I'm personally going to try out Stoptech 309 Sport pads on Alex W's HD kit and see if it'll suffice as a dual duty street/track setup without changing pads. I know it's a long shot based on previous experience, but it just might work with the occasional cool down lap after ~10-15 mins. But if I need hotter pads for track usage, they're cheap and readily available in the Superlite fitment.
 

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If you're going to see any real track time, I'd recommend the HD rotors. It's not so much a fade problem (although the ultralight setup will fade a slight bit faster due to higher peak rotor temps), but the HD rotors are far more durable to track abuse.

Street/auto-x usage is fine with the ultra light rotors, and they're like half the cost of the HD rotors. They will crack after ~6-10 track days in my experience though. I did it twice, and both times it was a BIG crack on cool down that had me concerned with rotor integrity for the rest of the day. The HD rotors are a small amount heavier (~1-1.5 lb per rotor ring?), and they're made of a more durable iron alloy that takes extreme temperatures better. I routinely got ~25 track days out of a set of fronts on my front heavy 240SX (same brake setup as Alex W is using here), and it was more using track pads on the street that would wear them out before the cracking at the track would cause any problems.

Either rotor setup has more cooling area than stock rotors, so things will tend to run cooler than stock by a fair margin.

I'm personally going to try out Stoptech 309 Sport pads on Alex W's HD kit and see if it'll suffice as a dual duty street/track setup without changing pads. I know it's a long shot based on previous experience, but it just might work with the occasional cool down lap after ~10-15 mins. But if I need hotter pads for track usage, they're cheap and readily available in the Superlite fitment.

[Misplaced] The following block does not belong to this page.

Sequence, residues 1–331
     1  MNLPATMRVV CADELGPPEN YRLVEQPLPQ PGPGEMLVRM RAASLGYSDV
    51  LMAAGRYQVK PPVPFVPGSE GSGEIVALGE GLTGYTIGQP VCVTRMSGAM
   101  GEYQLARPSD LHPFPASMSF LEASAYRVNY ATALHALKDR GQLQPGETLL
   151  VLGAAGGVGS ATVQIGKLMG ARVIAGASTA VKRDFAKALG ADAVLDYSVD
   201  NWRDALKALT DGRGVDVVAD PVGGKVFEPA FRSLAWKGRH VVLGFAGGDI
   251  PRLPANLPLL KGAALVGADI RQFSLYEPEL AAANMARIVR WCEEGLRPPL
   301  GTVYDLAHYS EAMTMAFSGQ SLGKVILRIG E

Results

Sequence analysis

The Stoptech sport pads are my current favorite dual purpose pad. Quiet and civilized on the street, and can handle quite a bit of track abuse. I haven't been able to fade them in a 20 minute sessions so far, although I do think I am relatively easy on brakes. I have actually been thinking about swapping them out as my standard pad in my kits, instead of the Wilwood BP20.
 

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Thanks for the advice. Took a look at the kit, and it seems like what i'd want would be the full-sized calipers and pads with the lighter rotors. Is that the going wisdom, or does fade creep faster into the lightweight rotor option through heat-soak?
As Def said, the ultralite rotors won't hold up to track abuse as well, but if you only do one track day per year, then needing to replace them every 6-10 days is still a long time. But a lot of people do prefer the look of the larger calipers, and the rotors are an easy upgrade later. So if you want to save some money up front without compromising on the calipers, that's definitely the way to go.
 

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Discussion Starter #10
If the weight difference is that small, and there's any concern for safety/cracking, i'll probably end up springing for the HD set with the dual-use pads suggested.
What's the ship time looking like nowadays? My MR2 exhaust has been a nightmare - shop tried to source from vivid, who took their money and stopped taking their calls; my GTR is 2 months overdue because of clutch delays due to factory closures, and i'm wondering what the realistic time to delivery would be if i were to order these after getting godzilla back and resetting the automotive budget (hopefully in the next two weeks).
 

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To be clear about the rotor cracking, ALL rotors will eventually crack with enough track use. It's not uncommon for that to be the reason you have to replace them, rather than actually wearing them out. If you are a frequently tracking the car, by all means get the HD rotors, but know that they too will probably crack before you wear them out. It's only a safety issue if you aren't doing the proper maintenance and replacing them before the cracks get too large.

Normally ship time is pretty quick, but at the moment I am back ordered on both brake lines and parking brake cables. Should be not much more than another week on those, but, I don't want to promise anything.
 

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About 34lb of rotating mass, plus an additional ~14lb of unsprung (non rotating) mass, for starters.

Much better pedal feel due to the fixed, 4 piston calipers vs the stock sliding calipers. (this may be less objective and more subjective, but it's worth noting).

Larger, thicker, and generally CHEAPER pads, available in nearly any compound you can imagine.

The HD vs the ultralite reduces the weight savings by a couple of lb, but increases the size and thickness of the pads, and increases the durability of the rotors.
Any estimates on 60 to 0?
 

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Any estimates on 60 to 0?
That's going to depend more on your tires than your brakes. A big brake kit won't necessarily stop you any faster than good condition stock brakes will, once... It's managing the heat generated by repeated braking on a race track where it really shines.